, Port Arthur, Texas


November 12, 2012

A day of thanks to My Heroes

PORT NECHES — Well, the elections are over, but I don’t want to talk about them today. Instead, let’s talk about those heroes who have given us the freedom to have elections.

Now, I always enjoy the holidays. The richness of our national celebrations add to the fabric of our lives.

The blessings of Thanksgiving, the gaiety and joy of Christmas, the holiness of Easter, the exuberance of July 4 are all important to me, but the one holiday very precious is Veterans’ Day because so many in my family, as in hundreds of thousands of others, have shouldered the arms of war and went out to do battle to preserve the freedom we all now enjoy.

November 11 is the anniversary of the Armistice, which was signed in 1918 in the forest of Compiegne by the Allies and the Germans “bringing a halt” to World War I. At five a.m. that morning, an order to cease all firing was issued. Arms were lowered, whistles blew, impromptu parades erupted, and business closed in celebration.

You’ll notice in the preceding paragraph the quotation marks around bringing to a halt. And that’s exactly what the Armistice did, but contrary to what the majority believe, it was not a proclamation of Germany’s surrendering, but rather a truce — one that lasted almost twenty-one years until Hitler made his move.

In 1938, Congress passed a bill that each November 11 would be celebrated as Armistice Day. Fifteen years later on November 11, 1953, instead of only an Armistice Day program for WWI veterans, they honored all veterans of all wars.

Ed Rees, of Emporia, was so impressed that he introduced a bill into the House to change the name to Veterans' Day.  After this passed, Mr. Rees wrote to all state governors and asked for their approval and cooperation in observing the changed holiday.  The name was changed to Veterans' Day by Act of Congress on May 24, 1954.

In October of that year, President Eisenhower called on all citizens to observe the day by remembering the sacrifices of all those who fought so gallantly. The President referred to the change of name to Veterans' Day in honor of the servicemen of all America's wars.

I served, but during peacetime, which to me doesn’t count. Many of my family served during world conflicts. My father spent a year on the west coast, a couple years in South America; a cousin served in the Army Air Corps; an uncle served in the Army, and one in the Navy. Another uncle served earlier in the Philippines, but was discharged with a blood disease that, according to oral family history, eventually took his life. Another cousin served in Korea and is still listed as a MIA after sixty years.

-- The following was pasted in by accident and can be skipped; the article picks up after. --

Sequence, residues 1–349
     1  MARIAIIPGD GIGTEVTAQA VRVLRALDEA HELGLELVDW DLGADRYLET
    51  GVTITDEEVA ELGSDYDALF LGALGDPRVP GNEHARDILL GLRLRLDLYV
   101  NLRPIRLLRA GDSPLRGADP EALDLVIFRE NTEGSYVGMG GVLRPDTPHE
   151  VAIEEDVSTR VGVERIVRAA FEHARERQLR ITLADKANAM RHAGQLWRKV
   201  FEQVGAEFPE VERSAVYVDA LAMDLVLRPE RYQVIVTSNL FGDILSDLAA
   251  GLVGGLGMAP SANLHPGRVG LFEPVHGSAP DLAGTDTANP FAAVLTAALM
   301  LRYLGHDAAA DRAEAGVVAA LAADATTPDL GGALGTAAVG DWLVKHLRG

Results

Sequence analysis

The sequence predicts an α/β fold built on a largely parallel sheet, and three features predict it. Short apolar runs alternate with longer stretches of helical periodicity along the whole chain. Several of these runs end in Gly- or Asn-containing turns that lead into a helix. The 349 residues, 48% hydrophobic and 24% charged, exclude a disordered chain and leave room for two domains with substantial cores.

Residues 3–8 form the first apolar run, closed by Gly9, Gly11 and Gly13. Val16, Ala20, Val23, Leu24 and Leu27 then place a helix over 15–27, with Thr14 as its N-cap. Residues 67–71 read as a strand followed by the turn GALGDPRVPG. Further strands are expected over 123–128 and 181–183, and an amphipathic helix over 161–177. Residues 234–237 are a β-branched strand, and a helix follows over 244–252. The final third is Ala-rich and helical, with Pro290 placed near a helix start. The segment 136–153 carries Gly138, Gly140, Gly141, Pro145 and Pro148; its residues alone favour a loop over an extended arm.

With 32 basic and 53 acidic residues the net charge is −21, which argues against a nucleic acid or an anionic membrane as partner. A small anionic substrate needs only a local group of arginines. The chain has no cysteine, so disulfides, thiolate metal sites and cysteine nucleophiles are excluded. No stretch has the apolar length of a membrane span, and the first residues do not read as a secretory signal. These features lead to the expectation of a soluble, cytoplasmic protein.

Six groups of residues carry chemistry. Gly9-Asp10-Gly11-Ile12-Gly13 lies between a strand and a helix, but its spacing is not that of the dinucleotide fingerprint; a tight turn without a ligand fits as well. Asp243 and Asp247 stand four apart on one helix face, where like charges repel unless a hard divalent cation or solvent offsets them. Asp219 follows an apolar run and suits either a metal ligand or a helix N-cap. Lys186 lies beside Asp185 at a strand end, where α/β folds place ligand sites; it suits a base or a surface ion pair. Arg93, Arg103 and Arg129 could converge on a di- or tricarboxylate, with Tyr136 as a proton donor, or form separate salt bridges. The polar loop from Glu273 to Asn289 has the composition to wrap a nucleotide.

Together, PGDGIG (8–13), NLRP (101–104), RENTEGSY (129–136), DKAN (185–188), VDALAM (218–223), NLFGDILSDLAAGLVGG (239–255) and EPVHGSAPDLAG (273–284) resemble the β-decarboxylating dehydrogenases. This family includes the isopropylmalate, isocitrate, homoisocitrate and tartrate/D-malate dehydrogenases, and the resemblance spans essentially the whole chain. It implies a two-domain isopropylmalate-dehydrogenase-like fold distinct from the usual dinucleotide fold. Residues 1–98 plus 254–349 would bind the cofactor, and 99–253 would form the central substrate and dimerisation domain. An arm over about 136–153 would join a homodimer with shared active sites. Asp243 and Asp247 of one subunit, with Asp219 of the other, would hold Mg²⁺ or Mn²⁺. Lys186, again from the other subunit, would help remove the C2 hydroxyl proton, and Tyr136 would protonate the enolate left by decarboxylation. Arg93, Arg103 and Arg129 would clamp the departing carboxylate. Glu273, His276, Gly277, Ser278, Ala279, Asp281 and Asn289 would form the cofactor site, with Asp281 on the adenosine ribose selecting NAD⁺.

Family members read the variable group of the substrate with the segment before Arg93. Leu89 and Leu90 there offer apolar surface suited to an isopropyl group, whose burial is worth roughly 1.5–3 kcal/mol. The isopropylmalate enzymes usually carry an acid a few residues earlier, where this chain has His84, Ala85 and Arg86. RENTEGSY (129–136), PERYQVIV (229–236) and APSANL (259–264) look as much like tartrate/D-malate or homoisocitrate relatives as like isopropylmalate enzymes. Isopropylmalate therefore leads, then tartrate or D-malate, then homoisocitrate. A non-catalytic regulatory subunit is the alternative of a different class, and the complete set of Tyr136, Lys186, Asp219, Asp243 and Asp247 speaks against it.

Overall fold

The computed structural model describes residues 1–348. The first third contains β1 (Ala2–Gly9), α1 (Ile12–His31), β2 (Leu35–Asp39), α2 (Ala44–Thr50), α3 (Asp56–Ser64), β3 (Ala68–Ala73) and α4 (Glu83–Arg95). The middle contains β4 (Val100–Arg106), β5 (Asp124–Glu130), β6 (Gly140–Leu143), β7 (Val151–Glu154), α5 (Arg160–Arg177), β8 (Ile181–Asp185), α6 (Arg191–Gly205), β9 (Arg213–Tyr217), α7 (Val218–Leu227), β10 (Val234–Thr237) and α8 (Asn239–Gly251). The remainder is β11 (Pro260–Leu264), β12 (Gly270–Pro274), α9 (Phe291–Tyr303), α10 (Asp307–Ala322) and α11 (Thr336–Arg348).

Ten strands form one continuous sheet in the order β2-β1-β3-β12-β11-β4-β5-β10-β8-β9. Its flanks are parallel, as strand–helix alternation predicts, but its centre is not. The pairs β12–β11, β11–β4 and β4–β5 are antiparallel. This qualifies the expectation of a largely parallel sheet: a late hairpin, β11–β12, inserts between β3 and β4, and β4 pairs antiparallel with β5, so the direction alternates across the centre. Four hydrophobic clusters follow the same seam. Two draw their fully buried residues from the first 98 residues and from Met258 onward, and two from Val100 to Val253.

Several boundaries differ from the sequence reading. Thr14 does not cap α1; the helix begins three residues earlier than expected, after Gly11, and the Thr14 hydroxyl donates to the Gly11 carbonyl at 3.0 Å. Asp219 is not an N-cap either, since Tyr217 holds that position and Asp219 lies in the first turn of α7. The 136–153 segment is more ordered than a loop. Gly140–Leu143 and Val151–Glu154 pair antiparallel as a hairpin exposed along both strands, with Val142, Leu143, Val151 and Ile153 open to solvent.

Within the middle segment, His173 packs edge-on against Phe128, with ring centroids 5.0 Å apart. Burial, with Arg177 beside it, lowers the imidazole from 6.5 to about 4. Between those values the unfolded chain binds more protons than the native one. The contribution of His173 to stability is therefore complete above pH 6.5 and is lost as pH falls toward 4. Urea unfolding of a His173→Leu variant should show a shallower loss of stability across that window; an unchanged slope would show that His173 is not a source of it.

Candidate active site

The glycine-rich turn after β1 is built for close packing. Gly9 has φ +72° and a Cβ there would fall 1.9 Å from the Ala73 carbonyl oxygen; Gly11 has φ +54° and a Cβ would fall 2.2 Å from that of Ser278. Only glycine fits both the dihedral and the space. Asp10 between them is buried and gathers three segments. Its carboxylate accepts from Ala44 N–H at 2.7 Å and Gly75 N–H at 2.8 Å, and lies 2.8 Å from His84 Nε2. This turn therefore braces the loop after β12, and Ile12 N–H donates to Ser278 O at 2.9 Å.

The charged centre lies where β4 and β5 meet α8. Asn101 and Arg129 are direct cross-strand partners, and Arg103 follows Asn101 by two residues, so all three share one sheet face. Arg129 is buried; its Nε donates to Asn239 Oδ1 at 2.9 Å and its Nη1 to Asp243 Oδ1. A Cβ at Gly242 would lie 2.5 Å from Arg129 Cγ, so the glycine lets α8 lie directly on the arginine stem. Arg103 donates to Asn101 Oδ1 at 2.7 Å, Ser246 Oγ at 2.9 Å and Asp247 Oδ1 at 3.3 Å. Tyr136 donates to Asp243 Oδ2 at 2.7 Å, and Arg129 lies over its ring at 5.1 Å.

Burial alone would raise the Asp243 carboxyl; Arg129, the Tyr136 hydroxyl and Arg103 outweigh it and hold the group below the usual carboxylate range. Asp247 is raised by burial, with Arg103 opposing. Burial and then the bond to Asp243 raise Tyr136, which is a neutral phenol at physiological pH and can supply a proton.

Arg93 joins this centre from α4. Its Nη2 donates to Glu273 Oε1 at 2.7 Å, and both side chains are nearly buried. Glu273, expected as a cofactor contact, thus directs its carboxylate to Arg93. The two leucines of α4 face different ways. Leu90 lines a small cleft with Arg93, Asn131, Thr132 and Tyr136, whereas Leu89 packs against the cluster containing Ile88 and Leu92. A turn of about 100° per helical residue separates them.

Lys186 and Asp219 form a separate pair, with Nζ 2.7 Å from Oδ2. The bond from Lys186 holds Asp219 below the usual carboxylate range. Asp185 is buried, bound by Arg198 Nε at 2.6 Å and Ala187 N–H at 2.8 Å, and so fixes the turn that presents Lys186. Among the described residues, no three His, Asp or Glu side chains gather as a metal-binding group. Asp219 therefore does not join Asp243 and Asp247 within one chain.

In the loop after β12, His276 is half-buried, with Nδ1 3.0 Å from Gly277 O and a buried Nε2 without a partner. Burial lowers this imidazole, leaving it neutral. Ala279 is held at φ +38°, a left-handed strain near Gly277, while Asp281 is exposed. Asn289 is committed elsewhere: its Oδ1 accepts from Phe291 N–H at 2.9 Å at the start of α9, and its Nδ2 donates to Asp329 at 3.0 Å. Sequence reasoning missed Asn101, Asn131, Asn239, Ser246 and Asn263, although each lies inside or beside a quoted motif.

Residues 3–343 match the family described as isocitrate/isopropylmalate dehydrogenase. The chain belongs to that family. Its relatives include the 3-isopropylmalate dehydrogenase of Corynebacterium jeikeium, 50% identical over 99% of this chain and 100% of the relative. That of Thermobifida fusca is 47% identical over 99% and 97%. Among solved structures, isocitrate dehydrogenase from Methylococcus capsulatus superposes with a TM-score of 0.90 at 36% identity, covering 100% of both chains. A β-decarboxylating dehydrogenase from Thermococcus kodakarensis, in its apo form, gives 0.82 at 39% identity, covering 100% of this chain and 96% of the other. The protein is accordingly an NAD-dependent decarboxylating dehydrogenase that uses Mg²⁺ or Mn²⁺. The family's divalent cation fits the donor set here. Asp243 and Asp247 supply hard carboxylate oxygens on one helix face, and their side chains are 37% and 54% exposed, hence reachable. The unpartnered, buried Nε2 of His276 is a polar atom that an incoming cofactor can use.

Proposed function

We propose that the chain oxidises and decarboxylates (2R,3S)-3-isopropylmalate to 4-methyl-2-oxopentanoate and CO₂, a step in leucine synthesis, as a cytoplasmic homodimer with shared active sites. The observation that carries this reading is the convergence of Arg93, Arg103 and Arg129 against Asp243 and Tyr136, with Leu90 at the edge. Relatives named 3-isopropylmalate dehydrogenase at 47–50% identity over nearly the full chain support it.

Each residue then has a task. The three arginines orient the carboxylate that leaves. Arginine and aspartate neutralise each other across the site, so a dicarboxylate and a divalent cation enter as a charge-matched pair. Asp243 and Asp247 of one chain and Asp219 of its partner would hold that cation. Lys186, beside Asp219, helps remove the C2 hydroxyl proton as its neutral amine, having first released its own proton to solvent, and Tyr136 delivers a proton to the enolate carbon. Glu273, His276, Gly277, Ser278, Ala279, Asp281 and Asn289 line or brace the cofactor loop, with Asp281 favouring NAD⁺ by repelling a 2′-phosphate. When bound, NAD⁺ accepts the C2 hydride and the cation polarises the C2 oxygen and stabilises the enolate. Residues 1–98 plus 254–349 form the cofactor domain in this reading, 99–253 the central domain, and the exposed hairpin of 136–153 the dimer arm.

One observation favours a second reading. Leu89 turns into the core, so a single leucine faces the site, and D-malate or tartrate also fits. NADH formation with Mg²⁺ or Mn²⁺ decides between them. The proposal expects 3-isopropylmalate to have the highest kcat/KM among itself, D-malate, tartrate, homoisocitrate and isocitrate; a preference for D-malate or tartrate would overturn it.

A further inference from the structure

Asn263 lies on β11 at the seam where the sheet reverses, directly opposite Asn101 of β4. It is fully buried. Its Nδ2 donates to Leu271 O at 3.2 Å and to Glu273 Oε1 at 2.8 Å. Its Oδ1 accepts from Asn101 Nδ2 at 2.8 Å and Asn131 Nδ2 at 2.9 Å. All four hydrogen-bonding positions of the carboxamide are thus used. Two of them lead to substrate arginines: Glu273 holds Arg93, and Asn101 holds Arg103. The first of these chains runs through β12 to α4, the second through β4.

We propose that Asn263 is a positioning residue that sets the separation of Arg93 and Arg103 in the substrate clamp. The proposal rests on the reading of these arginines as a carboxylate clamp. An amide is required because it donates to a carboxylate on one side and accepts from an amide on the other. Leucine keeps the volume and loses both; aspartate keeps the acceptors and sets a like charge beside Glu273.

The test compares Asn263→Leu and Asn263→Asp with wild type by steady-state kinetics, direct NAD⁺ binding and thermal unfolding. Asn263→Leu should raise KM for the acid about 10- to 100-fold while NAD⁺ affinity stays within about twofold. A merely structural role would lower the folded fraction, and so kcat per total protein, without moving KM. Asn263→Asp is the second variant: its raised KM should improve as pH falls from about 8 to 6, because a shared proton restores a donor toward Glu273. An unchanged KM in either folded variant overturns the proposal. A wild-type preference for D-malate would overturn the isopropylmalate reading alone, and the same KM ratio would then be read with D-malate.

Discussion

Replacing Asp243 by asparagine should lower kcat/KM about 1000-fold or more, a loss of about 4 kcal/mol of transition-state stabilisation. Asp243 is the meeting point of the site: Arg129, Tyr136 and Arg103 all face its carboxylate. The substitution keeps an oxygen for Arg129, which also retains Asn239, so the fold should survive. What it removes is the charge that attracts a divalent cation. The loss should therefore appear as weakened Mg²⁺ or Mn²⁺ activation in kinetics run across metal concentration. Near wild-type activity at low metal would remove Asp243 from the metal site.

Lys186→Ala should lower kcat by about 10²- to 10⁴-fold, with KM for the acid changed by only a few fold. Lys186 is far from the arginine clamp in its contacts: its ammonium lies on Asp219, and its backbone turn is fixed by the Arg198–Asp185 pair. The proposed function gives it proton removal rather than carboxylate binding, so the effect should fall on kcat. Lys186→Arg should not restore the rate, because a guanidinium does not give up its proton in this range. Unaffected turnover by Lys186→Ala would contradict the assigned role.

During the war, family gatherings were filled with empty chairs. Word always turned to those not present. I can remember seeing every eye in the family filling with tears as their innermost prayers went out to their loved ones.

We were one of the lucky families. Dad returned. My uncle in the Army returned having received a shrapnel wound on Okinawa. My uncle in the Navy made it back. My Air Force cousin returned safely. The only casualty we faced was my uncle who had served prior to the war in the Philippines.

Then five years later, another cousin, Henry Shoop, whom we always called Dooley, shipped out to Korea.

We never saw him again. We never heard a word of his fate. All we know is he went out on patrol one night. The patrol was attacked. None returned, and no bodies were found.

You might remember Dooley from some of my other stories about growing up in the country. My main tormentor, he was about six years older than me. Dooley was the one who hauled a box of damp cow patties up on the roof of the Papa Holley’s milk shed and bombarded my cousin Ed and me.

We got him back later though when we cornered him under the windmill and let loose with Roman candles.

I just checked the MIA database a couple days back, and Henry G.’Dooley’ Shoop, Sgt. U.S. Army, MIA since 1952, is still one of the thousands of our men and women who have yet be accounted for.

I look around now at our brave men and women going into harm’s s way for America, and I want to cry out of compassion and pride. I know the families of those serving realize just how dear the sacrifice our military is making, but I wonder about the rest of America. Do they understand?

If they don’t, they should drop to their knees and pray the understanding be given them.

Kent Conwell of Port Neches is a retired educator. Contact him at Conwell blogs at

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